Over the last four years, through research, workshops and engagement activities, the project has drawn on input from over 250 experts across industry, government, academia and civil society to determine how Australian cities could reach this goal. But also to design what these future cities might look like.

This group of experts came together because they can see Australia is not on track to achieve even its stated emissions reductions targets. These targets have been put in place by successive governments who have repeatedly weakened the numbers and the criteria – and still we cannot meet them.

Since the removal of the carbon price, Australia’s emissions have started to increase again. We are going the wrong way.

The Australian political context means the multitude of technical pathways are clear, but the cultural, political and economic pathways are not. The Action Pathways in our report consider the forces of change that might be required to achieve the drastic greenhouse gas emissions reductions we seek.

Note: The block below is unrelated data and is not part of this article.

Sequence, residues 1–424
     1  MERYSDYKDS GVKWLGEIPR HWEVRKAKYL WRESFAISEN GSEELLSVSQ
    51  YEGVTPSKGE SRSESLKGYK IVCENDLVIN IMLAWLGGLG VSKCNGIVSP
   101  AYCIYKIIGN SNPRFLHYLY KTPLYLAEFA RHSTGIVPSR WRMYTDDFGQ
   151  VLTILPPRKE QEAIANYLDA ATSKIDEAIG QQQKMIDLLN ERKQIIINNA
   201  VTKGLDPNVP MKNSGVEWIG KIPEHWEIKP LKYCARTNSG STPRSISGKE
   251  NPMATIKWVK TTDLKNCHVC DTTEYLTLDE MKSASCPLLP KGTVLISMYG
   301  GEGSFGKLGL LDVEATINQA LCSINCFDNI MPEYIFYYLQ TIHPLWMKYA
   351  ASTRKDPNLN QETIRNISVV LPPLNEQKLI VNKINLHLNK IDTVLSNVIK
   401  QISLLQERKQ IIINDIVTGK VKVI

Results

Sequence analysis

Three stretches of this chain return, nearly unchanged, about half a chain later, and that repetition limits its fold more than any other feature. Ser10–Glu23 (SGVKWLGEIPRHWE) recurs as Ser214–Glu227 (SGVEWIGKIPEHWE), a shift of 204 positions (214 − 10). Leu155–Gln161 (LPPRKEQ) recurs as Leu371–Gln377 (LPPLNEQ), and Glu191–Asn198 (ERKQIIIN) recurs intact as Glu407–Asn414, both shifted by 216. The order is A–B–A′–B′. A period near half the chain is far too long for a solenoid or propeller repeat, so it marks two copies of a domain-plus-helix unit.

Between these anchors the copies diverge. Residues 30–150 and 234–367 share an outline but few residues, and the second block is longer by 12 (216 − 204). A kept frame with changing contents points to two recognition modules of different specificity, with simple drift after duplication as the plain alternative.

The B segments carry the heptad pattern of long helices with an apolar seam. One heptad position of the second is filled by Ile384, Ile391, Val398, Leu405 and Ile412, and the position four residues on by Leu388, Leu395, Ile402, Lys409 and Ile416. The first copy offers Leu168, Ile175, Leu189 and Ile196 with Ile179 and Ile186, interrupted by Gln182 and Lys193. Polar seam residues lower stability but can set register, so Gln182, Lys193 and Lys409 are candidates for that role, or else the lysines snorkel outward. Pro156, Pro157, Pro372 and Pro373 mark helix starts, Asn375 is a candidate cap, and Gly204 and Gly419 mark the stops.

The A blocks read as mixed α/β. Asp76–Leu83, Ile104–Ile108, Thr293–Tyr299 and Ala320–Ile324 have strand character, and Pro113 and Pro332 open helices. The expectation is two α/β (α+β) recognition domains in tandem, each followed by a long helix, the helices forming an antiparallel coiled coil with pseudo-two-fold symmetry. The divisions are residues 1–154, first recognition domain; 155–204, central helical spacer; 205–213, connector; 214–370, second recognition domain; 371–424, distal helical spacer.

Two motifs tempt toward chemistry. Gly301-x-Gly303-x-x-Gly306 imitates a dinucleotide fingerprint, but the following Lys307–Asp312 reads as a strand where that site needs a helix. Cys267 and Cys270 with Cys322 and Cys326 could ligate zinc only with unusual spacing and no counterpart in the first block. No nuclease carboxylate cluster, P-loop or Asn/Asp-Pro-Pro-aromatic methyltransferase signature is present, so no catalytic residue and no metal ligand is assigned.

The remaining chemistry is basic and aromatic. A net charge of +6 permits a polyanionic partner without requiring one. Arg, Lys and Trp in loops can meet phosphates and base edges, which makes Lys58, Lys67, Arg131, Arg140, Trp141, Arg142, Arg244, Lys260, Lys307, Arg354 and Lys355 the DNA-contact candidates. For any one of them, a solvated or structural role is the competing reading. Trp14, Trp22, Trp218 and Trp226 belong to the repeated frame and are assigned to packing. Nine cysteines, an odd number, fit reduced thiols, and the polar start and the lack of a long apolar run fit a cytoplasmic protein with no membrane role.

But how do we trigger political changes of this magnitude, and what is our own potential power in progressing these?

Many of the technologies required to get us to a greener future already exists. Picture: Amy Bracks/VEIL 2015


The team designed two scenarios to demonstrate these positive outcomes - ‘Green Growth’ and a ‘Commons Transition’.

The first Green Growth scenario points to the role city governments, driven by community and stakeholder action, can play in discouraging organisations and businesses that are not explicitly and proactively decarbonising. This social and political mobilisation could help drive out the complicit acceptance and corruption preventing rapid reduction in fossil fuel use and development.